When you become a teacher, you become a part of a huge team. Your place in the team is important, but it is also important to place value on the other members of the team. I am not talking about your fellow teachers, but the various secretaries, paraprofessionals, cafeteria workers, custodians, maintenance workers, and bus drivers that you work with each day. This article will list ten ways for you to maintain great relationships with the support staff in your district:
1. Treat them how you would want to be treated.
2. Find out when their birthday is, and give them a little something to show that you care.
3. There is also an event called “Support Professionals Week” that takes place right around Thanksgiving every year.
4. Every once in a while, during your conference period, surprise the school secretary by offering to answer phones for her.
5. When a spill happens in your room, clean it up yourself.
6. Don’t call for the security guard every time someone acts up in your room.
7. Find out what kind of coffee your school nurse likes, and bring her a cup one morning.
8. When you get your lunch in the school cafeteria, comment on the food in a positive way.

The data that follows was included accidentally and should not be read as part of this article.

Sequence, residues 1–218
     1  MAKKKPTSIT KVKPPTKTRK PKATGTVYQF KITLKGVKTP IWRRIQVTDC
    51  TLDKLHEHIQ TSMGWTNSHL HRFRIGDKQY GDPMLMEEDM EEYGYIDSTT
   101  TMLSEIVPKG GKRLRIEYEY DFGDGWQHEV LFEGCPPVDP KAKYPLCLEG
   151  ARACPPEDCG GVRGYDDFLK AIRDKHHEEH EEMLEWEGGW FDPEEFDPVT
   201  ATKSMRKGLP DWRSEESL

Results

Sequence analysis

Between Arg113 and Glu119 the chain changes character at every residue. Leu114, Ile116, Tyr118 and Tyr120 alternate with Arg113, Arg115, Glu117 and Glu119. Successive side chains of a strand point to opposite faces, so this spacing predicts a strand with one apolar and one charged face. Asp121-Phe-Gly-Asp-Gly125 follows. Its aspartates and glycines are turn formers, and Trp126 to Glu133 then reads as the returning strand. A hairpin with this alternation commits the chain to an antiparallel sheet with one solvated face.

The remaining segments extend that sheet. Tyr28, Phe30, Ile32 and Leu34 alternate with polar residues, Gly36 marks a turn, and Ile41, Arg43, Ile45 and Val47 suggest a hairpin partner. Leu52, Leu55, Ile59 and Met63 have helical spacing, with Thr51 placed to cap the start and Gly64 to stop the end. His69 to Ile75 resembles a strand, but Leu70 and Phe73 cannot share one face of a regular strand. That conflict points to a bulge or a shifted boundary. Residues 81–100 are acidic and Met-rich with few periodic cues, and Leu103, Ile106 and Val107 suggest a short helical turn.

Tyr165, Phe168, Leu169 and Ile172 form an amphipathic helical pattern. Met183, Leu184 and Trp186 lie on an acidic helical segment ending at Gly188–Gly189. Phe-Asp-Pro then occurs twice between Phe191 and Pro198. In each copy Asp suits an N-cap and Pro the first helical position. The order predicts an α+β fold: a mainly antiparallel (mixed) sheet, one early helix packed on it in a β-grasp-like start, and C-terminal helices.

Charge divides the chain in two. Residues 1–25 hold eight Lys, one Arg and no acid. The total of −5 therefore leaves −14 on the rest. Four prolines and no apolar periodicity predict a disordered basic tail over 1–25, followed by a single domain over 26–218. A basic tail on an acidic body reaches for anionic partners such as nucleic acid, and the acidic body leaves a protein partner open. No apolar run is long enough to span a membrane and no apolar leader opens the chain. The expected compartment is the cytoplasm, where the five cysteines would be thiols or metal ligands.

You may be asking yourself…what’s in it for me? If you are, shame on you! You should do nice things for people just because it’s the right thing to do! O.K., just kidding…there are some benefits to this strategy: You inspire other teachers to do nice things for the support staff too, which improves morale building wide. Another benefit is that most people will respond in kind when you do nice things for them. When I was teaching, the secretaries did most of my photocopying…I had a fresh salad waiting for me every day at lunch (even when it wasn’t “Salad Day”)…any requests I had for the maintenance department were addressed the next day (if it wasn’t addressed later that SAME day)…and my room was the cleanest room in my section of the building. The most important benefit of all was that I had a “positive vibe” around me. Whenever the Principal or Superintendent heard my name mentioned, more often than not it was mentioned by someone saying how nice I was, or thoughtful, or selfless. Build up points when you can, because there will always come a time when negative events happen. If you have points in the bank, people at every level of the organization will be more willing to give you the benefit of the doubt.